Marco Rossi was in a lot worse shape than any of us realized. His bout with covid-19 left him with myocarditis that wasn't diagnosed until the Wild team doctors gave him a physical when he arrived in St. Paul. It's pretty easy to see why people were so unimpressed with his play at the Worlds last fall.
Wild's Marco Rossi opens up about heart condition that forced him off the ice
By Michael Russo
After being off the ice for nearly four months, top Minnesota Wild prospect Marco Rossi opened up about his health struggles, including his diagnosis of myocarditis, to The Athletic's Michael Russo.
Last November, Rossi was diagnosed with COVID-19. Following his recovery, he captained Austria at the World Junior Championship in January but continued to feel fatigued. After Austria was eliminated from the tournament in just four games, Rossi traveled to Minnesota for the Wild's training camp.
During the NHL's mandatory COVID-19 quarantine protocol, doctors found some alarming numbers in his bloodwork during his pre-training camp physical. During that examination, doctors discovered Rossi had myocarditis, a broad term that essentially means an inflammation of the heart. After undergoing more tests, it was determined that he would not be cleared to play.
"The doctors told me if I played one more game in the World Junior Championship, this could have ended completely different," Rossi said. "I'm thankful to God that he supported me. … I'm just happy that I'm still alive."
Over the next three weeks, Rossi went from doctor's visit to doctor's visit while living with Wild forward Thomas Vanek — arguably Austria's most famous former hockey player. Rossi also received support from former Wild goalie Alex Stalock, who was also secretly going through his own struggles with the same ailment.
The Wild eventually sent a terrified Rossi home to Austria to be with his parents.
"Every time before I went to sleep, I was so scared that I won't wake up anymore," Rossi said, discussing his myocarditis condition publicly for the first time. "Every night, before sleep, I was really sad and always crying because I was scared of that. I told my parents, 'Could you sleep right next to my bed and be here 'til I fall asleep?' And every day I woke up in the morning, I was so glad that I woke up. It was really hard."
Despite his struggles, doctors are confident that Rossi’s on the mend. In mid-May, he will have more tests in Dornbirn, Austria, where Rossi said medical experts have examined several athletes who have returned to sports after being diagnosed with similar heart conditions. If cleared, he can begin working out again.
A couple of days ago he hit the ice for workouts for the first time.
Minnesota Wild: Marco Rossi makes return to ice after season of adversity
by Tim Johnson1 day ago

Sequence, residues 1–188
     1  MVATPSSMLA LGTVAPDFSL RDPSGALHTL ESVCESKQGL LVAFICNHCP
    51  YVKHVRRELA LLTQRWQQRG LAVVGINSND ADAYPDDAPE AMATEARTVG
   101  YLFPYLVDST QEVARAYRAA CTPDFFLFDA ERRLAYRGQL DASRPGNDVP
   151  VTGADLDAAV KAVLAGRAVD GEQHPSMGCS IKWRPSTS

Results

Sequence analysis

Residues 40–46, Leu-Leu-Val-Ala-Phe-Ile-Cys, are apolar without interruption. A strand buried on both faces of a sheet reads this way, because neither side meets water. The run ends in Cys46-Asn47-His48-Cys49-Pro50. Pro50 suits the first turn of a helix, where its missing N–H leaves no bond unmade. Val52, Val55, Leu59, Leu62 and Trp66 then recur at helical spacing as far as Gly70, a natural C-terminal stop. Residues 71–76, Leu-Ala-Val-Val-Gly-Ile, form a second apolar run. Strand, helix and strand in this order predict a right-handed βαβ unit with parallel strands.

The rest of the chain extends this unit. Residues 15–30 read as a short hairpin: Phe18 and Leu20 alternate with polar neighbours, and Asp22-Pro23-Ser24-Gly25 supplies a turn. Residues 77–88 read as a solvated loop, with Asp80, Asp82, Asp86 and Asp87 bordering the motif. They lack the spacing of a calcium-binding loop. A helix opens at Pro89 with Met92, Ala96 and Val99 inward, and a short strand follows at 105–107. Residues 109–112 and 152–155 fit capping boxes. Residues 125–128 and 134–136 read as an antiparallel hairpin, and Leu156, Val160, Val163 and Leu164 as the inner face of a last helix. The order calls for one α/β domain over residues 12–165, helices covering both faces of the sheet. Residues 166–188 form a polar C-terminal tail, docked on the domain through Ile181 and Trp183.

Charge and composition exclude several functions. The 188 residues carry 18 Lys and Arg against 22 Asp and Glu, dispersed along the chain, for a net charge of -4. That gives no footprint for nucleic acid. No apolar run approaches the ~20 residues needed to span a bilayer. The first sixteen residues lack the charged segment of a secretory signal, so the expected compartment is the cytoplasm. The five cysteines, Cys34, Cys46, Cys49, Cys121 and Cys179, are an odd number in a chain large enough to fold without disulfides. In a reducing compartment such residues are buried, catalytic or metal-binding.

Marco Rossi was an exception to some recent Minnesota Wild news this weekend.
With the team’s season over, the attention has obviously been focused on offi-ice activities. But Rossi, one of the franchise’s top prospects, garnered attention on Saturday for what he did on it.
Rossi, selected ninth overall in last year’s NHL Entry Draft, was filmed as he took to the ice for a Saturday morning workout. in a Wild practice jersey. The video — filmed by his father, Michael, and posted on his social media account — would not be that big of a deal, normally.
But given what he has been through over the past year, it is notable. It also was his first time on the ice since he captained Austria in the World Junior Championship tournament in January.
It marked a return to normalcy for the 19-year-old Austrian center who tested positive for COVID-19 in November and then was diagnosed with myocarditis, an inflammation of the heart. The latter came during a pre-training camp physical with the Wild and ended his hockey season. He eventually returned to Austria to recover.
Rossi expressed his feelings as he. posed for a photo on the ice that was posted on his Twitter account to with the simple message of, “So happy to be back on the ice!” that was accompanied with a emoji of a flexing arm..
Michael Russo of The Athletic interviewed Rossi and wrote a story in late April about the the heart condition and the fear it caused the standout prospect
“Every time before I went to sleep, I was so scared that I won’t wake up anymore,” Rossi told Russo. “Every night before sleep, I was really sad and always crying because I was scared of that. I told my parents, ‘Could you sleep right next to my bed and be here ’til I fall asleep?’ And every day I woke up in the morning. I was so glad.”
He had 68 goals and 185 points in two seasons with the Ottawa 67’s of the Ontario Hockey League before being selected by the Wild.
In its 2020 predraft guide, eliteprospects.com wrote that Rossi:
“Has an exceptional sense of spacing both on and off the puck, capable of playing in the most sensitive portions of the offensive zone and suffering hardly any physical wear for the trouble. If there’s an opening, then Rossi is going to find it and ruthlessly exploit it. He’s responsible defensively with great off the puck positioning and support below the hashmarks.”
Rossi, received medical clearance to return to the ice in May, and he is expected to be a part of the Wild’s training camp .
“Things are looking really good,” Wild general manager Bill Guerin said in a season-ending media session earlier this week. “He seems to be incredibly healthy and very positive.
“”(The medical condition) was a big shock. A big healthy, workout-crazy kid like he is,,” Guerin said. “It’s scary. You’re nervous for the kid and for his family. But honestly, we have such a fantastic medical staff here. They went through everything 10 times with a fine-tooth comb and they just make you feel a lot better about it. OUr medical staff has been absolutely fantastic through the whole process.”
"The eternal fate of the noble and enlightened: to be brutally crushed by the armed and dumb."